From the time Lisa was pretty small she made her opinion known about…well, everything. In regards to food and flavor, her earliest wonderful contribution was to suggest a change in the banana bread recipe I had gotten from a co-worker in 1976. “Remove those raisins!”, she demanded at age 3. “And definitely add chocolate chips!” We renamed the new recipe “Banana Bread a la Lisa” and enjoy it that way to this day.
Always willing to try new foods, she encouraged her younger brother on a trip to France when he was 11-years-old that trying escargot was worth it. My budget on the trip became strained as he decided that yes, garlic butter sauce makes everything worth trying and those snails just are not anything like the imagination tried to fool him.
Lisa has become quite an outdoor enthusiast. In the past 10 years she has trekked through New Zealand, Australia and parts of Indonesia. Over to Southeast Asia on another journey she and Josh traveled throughout Myanmar and Cambodia. She’s been to parts of Europe and I’m sure I’m forgetting some of the wonderful places she has seen. Closer to home, she has trekked the John Muir Trail in California, throughout Utah and the Canyonlands and they are planning the Washington leg of the Pacific Coast trail this summer.
As I began to explore dehydrating food for Can-Do I kept in mind the way Lisa and Josh need to cook. Most of their food is dehydrated because it is lightweight and condensed. They have to carry their water for drinking and cooking and washing, so I try to keep in mind recipes that do not need too much water. They also must carry fuel because wood fires are not permitted. The risk of wildfire is just too great. So, recipes need to be able to be prepared with minimal fuel usage also.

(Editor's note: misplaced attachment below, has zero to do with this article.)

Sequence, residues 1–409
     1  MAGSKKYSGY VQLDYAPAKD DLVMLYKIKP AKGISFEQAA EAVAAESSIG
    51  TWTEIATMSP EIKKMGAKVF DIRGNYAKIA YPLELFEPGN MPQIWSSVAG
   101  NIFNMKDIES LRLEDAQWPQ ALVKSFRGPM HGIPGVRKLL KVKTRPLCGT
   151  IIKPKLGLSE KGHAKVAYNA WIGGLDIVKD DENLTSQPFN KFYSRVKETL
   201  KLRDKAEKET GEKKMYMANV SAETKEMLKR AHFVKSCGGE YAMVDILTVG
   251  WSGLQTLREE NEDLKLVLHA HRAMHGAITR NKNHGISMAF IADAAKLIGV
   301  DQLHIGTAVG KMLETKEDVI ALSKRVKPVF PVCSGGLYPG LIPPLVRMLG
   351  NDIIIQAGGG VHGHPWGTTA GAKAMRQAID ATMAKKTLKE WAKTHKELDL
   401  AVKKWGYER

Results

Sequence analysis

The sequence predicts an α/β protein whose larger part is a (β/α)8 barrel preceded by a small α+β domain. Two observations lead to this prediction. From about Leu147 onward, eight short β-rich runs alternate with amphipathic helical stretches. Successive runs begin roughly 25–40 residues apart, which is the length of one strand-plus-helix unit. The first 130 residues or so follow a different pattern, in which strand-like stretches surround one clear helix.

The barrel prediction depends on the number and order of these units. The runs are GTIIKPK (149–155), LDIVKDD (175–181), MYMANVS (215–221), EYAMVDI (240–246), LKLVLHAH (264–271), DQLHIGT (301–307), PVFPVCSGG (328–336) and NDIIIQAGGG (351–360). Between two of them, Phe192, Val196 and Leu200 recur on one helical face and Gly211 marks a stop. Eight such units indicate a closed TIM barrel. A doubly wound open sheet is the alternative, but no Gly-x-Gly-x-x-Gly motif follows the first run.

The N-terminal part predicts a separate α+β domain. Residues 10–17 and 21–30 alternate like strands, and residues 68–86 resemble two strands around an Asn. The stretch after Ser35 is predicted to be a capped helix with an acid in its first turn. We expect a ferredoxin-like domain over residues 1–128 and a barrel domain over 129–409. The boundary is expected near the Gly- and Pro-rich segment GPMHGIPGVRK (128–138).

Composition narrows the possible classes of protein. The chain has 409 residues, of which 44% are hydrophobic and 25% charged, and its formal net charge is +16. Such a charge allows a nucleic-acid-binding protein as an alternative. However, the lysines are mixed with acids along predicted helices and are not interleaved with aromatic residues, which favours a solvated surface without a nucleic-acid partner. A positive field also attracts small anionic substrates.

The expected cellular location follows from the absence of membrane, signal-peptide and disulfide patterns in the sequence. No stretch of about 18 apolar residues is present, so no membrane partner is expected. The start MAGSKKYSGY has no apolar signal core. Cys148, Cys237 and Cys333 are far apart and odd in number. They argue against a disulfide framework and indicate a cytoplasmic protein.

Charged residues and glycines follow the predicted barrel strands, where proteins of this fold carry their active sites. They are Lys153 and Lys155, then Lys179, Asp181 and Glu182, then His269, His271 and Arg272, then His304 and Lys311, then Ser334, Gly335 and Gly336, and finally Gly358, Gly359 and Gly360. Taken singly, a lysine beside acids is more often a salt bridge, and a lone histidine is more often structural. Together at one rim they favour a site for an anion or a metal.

Once, visiting me with her sibs, we served the Can-Do Real Food Loaded Pasta Sauce and the discussion evolved into the quality of commercially prepared hiking foods. Most have considerable additives and of course, the flavor may be a disappointment. So, Lisa often prepares the food they bring but the gauntlet was thrown down: I needed to prepare a dehydrated pasta sauce.
My Can-Do farm partners have come to my house for a Tasting Supper several years. The last one was the tasting for 3 versions of the dehydrated sauce.
- We sliced and dehydrated the tomatoes hard, the better to grind them to powder.
- We roasted the sliced tomatoes and then dehydrated them hard for grinding, and
- We cut up the tomatoes, macerated them overnight in red wine, then oven roasted them etc etc.
- And for fun, we also served our canned Loaded Pasta Sauce.
Each recipe was essentially similar, using the same herbs and surplus carrots and zucchini as the canned version. The only difference was how the tomatoes were prepared.
We did not tell our taste testers about the difference in the 4 recipes. And we are pretty formal with these efforts, with no talking allowed until after everyone writes down their thoughtful critique and overall rating for the recipe.
Perhaps it is no surprise to you that the version that was most enjoyed was the one with the wine. It provided the most complex, deep and enjoyable flavor.
So, there we had the test and next was to wait for the tomatoes. Last summer we prepared what we thought was a significant amount but it still surprises me how condensed dehydrated food becomes when processed.
I have set aside plenty for Lisa and Josh to enjoy on their trek next month, but we now have eight packages of Oven Roasted Double Loaded Pasta Sauce available for you. Each container has one cup of powder which, when mixed with 4 cups of water, makes 5 cups of sauce. Add more or less water depending on how dry or wet you prefer your sauce. This is enough to feed 3-5 people, depending on serving sizes.
Excellent with our Forksize Zoodles which take next to no time nor water when mixed into the sauce to rehydrate! Or enjoy with your favorite pasta.